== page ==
By Reuters | Updated: 21 April 2021
Apple on Tuesday announced the launch of attachable AirTags to help users track lost items, and the devices could become the focus of a rival company’s challenge during a hearing before the US Senate on Wednesday.
When attached to keys and other items, the tags communicate with Apple devices to help users find the items if lost. They compete with Tile, a startup company that has sold a similar device for more than a decade and has testified to US lawmakers that Apple’s privacy practices have put Tile’s products at a disadvantage.
In a statement on Wednesday, Tile’s Chief Executive CJ Prober said lawmakers should examine Apple’s entry to the tracker tag product category at a US Senate committee hearing where Tile will testify.
“We welcome competition, as long as it is fair competition,” Prober said. “Unfortunately, given Apple’s well documented history of using its platform advantage to unfairly limit competition for its products, we’re skeptical.”
Apple said it had recently opened its iPhone’s systems to third-party tag trackers in ways that meet Apple’s privacy standards.
“We have worked from the very beginning of iPhone to help protect the privacy of users’ location data, giving them transparency and control over how all apps may access, and share their location,” Apple said in a statement.
“We have always embraced competition as the best way to drive great experiences for our customers, and we have worked hard to build a platform in iOS that enables third-party developers to thrive.”
Tile will testify this week before the US Senate Judiciary Committee’s antitrust panel headed by Senators Amy Klobuchar, the Democratic chair, and Mike Lee, its ranking Republican. The hearing will focus on competition concerns from developers who rely on Apple and Alphabet-owned Google’s app stores to reach consumers.
Apple and Google executives will testify as will executives from music streaming service Spotify and dating service Match, both of which have criticised Apple’s requirements to use its payments system and to pay commissions on sales from the App Store.
Tile’s concerns have centered on Apple’s privacy controls and restrictions and whether Tile has the same access to the iPhone’s hardware and systems as Apple’s own products.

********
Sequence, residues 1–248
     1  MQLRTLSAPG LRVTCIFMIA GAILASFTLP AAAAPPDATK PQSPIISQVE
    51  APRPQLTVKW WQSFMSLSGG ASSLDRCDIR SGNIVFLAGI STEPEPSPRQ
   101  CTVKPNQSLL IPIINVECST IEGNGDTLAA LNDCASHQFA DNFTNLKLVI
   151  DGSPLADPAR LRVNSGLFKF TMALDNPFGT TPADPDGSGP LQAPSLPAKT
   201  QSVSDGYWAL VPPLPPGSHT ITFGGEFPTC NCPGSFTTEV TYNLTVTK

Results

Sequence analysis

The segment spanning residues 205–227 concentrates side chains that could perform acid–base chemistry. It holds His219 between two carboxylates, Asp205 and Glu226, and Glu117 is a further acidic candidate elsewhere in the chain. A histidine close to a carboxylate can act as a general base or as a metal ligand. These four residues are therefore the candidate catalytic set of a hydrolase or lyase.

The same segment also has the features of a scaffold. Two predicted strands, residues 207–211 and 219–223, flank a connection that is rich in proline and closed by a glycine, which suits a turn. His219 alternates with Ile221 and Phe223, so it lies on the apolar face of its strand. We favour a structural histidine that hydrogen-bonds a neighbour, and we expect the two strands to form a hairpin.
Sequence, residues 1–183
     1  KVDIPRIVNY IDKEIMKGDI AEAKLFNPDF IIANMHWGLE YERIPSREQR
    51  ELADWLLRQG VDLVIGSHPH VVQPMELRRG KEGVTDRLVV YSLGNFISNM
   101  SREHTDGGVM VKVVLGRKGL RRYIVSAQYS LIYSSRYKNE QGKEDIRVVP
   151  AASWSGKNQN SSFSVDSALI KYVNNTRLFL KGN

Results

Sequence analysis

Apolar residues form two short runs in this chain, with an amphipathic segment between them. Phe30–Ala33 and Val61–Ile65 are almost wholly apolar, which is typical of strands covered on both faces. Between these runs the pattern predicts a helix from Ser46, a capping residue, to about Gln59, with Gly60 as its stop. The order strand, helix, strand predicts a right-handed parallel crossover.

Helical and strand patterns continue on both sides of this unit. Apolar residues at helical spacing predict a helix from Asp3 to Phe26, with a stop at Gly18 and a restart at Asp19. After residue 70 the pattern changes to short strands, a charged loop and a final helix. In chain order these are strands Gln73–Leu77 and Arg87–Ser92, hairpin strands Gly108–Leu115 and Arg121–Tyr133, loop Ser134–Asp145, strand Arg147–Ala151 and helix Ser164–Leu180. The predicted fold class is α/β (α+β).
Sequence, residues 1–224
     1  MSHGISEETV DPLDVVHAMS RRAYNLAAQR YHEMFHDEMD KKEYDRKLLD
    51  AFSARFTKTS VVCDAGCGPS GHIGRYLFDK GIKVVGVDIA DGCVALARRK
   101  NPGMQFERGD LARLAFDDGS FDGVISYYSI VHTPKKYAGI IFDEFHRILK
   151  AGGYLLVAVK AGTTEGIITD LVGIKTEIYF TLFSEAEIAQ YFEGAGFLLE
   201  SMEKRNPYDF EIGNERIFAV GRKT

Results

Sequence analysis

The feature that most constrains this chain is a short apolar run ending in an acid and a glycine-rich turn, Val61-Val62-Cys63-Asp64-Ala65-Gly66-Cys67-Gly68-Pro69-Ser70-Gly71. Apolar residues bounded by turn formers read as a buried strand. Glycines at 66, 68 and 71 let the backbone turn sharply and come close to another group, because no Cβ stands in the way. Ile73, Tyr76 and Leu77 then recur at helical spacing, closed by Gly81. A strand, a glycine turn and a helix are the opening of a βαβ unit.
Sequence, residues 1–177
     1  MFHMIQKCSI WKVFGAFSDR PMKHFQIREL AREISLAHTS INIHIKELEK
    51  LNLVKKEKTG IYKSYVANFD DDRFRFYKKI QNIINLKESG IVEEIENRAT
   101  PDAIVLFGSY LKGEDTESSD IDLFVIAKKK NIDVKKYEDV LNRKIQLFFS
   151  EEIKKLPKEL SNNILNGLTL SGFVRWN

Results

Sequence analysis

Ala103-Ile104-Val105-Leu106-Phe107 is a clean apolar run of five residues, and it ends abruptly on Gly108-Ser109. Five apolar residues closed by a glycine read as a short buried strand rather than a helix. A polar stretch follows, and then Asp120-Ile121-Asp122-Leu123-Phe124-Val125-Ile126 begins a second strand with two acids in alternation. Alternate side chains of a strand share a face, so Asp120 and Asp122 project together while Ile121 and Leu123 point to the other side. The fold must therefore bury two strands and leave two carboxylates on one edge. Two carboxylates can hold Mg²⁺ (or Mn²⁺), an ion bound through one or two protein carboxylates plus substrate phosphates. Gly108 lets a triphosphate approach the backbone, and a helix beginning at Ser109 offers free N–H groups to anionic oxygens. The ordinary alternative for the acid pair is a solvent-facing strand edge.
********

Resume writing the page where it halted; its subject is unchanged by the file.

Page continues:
In testimony last year, Tile said it had maintained a productive relationship with Apple, selling its products in Apple’s stores, but that the relationship rapidly deteriorated in 2019 when Apple announced it would enhance its FindMy app to work more like Tile.
Tile testified that Apple hired away one of its engineers around that time and also tightened up its privacy controls by adding more steps before third-party developers could access a user’s location data, which the Tile devices require to function. But to use Apple’s FindMy system, third-party developers face limits on how much data they can collect on customers. Tile argued that the extra steps put its products at a disadvantage to Apple’s own FindMy app.
In 2020, Apple began to open up the FindMy app to third-party developers. Last month, Apple opened the programme, saying that it would release a chip blueprint that third parties could use to take advantage of the iPhone’s hardware. Three companies have announced products that use Apple’s new system, including electric bike maker VanMoof and Chipolo, which makes an item tracker similar to Tile’s devices.
Tile has not said whether it plans to use Apple’s programme for third-party access to the FindMy app.
© Thomson Reuters 2021
Facebook to Invest $50 Million to Build the ‘Metaverse’ in Responsible Manner
Microsoft CEO Satya Nadella Says Failed TikTok Deal ‘Strangest Thing I’ve Worked On’
Google’s Confidentiality Request Accepted by CCI, Regulator Denies Allegations of Leaking Report to Media
Apple to Establish North Carolina Campus That Will House Up to 3,000 Employees, Increase US Spending Targets
Microsoft Mesh Mixed Reality Platform Launched That Allows Users to Appear as Holograms in Virtual Meetings
Apple, Epic Games CEOs on List of Witnesses in Fortnite Case
Internet3 weeks ago
Facebook, Amazon Pressed on Efforts to Curb COVID-19 Vaccine Misinformation by US Congressmen
Social Networking3 weeks ago
Twitter Testing Communities Feature for Tweeting to Groups of Users With Similar Interests
Technology2 weeks ago
Facebook Asked by Italy Data Authority to Provide Privacy Clarifications on Ray-Ban Stories Smart Glasses
Internet3 weeks ago
SpaceX CEO Elon Musk Doesn’t Believe Regulations Apply to Him, Amazon Tells US FCC
Apps2 weeks ago
Apple vs Epic: Fortnite Maker’s Narrow Win in App Store Case Toughens Fight Against Google Play Rules
Laptops3 weeks ago
Nvidia Seeks EU Approval for Arm Deal, Decision Due October 13: European Commission Filing
Internet3 weeks ago
RBI Enhances Scope for Card Tokenisation for CoFT Services to Improve Customer Data Security
Cryptocurrency3 weeks ago
Bitcoin in El Salvador: President Nayib Bukele Steps in to Fix Cryptocurrency Rollout Snags